What’s SpaceX Up To?

Dragon landing on Mars. Credit: SpaceX

As if manned space capsules and reusable boosters weren’t enough…but what is “MCT”? Some tantalizing bits from Flight Global:

Musk said the new rocket, which he calls MCT, will be “several times” as powerful as the 1 Merlin series, and won’t use Merlin’s RP-1 fuel. Beyond adding that it will have “a very big core size”, he declined to elaborate, promising more details in “between one and three years”.

Musk declined to say what ‘MCT’ stands for, and declined to answer further questions on the project.

During an April interview, SpaceX president Gwynne Shotwell discussed a project with similar characteristics, describing engines with “more than 1.5 million pounds” of thrust.

That would be equivalent to the behemoth F-1. With multiple engines arranged in a booster core 21 meters in diameter, that’s a bigger vehicle than the Saturn V.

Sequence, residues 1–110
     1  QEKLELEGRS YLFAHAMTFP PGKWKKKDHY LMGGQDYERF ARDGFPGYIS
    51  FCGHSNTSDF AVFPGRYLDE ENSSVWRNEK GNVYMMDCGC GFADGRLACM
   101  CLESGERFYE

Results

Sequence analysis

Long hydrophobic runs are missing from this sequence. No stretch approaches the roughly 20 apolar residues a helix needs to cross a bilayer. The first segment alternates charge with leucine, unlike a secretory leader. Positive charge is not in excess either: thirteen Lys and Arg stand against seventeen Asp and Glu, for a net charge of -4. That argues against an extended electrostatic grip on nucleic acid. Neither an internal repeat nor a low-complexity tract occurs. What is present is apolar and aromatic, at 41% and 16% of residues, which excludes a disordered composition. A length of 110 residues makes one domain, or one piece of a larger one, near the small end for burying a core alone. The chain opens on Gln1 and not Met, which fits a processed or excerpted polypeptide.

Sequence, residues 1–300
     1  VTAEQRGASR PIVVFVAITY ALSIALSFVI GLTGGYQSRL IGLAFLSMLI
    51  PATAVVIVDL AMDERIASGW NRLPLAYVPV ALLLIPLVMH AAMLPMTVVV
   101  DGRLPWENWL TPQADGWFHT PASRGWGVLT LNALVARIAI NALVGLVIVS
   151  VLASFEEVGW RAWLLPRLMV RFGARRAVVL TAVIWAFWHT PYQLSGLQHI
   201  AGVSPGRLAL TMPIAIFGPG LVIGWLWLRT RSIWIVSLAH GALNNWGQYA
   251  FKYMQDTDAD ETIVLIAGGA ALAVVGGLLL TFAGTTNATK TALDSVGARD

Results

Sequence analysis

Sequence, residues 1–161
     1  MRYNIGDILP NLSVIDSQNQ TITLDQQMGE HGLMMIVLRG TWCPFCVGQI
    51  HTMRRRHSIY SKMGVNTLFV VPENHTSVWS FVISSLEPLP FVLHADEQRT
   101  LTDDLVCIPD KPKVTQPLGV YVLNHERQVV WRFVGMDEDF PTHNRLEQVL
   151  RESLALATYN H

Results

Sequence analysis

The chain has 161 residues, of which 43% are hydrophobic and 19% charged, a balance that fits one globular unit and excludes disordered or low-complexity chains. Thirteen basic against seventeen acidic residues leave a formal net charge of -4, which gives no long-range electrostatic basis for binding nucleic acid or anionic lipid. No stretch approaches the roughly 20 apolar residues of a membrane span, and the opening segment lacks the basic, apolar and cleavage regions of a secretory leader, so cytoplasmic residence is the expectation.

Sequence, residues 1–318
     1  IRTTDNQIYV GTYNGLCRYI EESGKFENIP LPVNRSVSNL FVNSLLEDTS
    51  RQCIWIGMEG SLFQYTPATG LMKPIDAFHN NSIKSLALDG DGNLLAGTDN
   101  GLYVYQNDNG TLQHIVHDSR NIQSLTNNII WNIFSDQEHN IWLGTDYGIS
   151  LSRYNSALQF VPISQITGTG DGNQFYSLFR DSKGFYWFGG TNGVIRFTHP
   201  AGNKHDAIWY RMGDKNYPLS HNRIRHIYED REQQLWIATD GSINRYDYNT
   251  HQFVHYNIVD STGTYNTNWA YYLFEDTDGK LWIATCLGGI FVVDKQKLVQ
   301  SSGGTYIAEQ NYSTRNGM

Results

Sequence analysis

Now for the really important part:

Shotwell said a possible payload range of the new rocket is 150-200t to low Earth orbit (LEO). A vehicle of that size would easily eclipse NASA‘s proposed Space Launch System, which will eventually be capable of launching 130t to LEO, making SpaceX’s potential vehicle the most capable ever built by a wide margin.

Note the low side of that estimate is 150 metric tons to LEO, compared to the Saturn’s throw weight of a shade less than 130mt. I’m excluding SLS because it will probably never evolve beyond vaporware.

Ho-lee crap. So, connecting the dots, SpaceX is developing a heavy booster that will be bigger and more capable than a Saturn V. Given their track record so far, I’ve no reason to doubt their success. Mr. Musk has hinted at this in the past, noting that Falcon 9-Heavy would not be the end of the line for them. Considering his oft-stated long term goals, I’ll risk future embarrassment and take a guess at what “MCT” might stand for:

Mars Crew Transport.

You heard it here first.

3 Replies to “What’s SpaceX Up To?”

    1. I’m really hopeful that by the time I retire it wouldn’t be out of reach to buy a ticket, orbital or otherwise. I’d be happy for a ride on XCOR’s Lynx. I’d be even happier to get type-rated in one and fly it myself!

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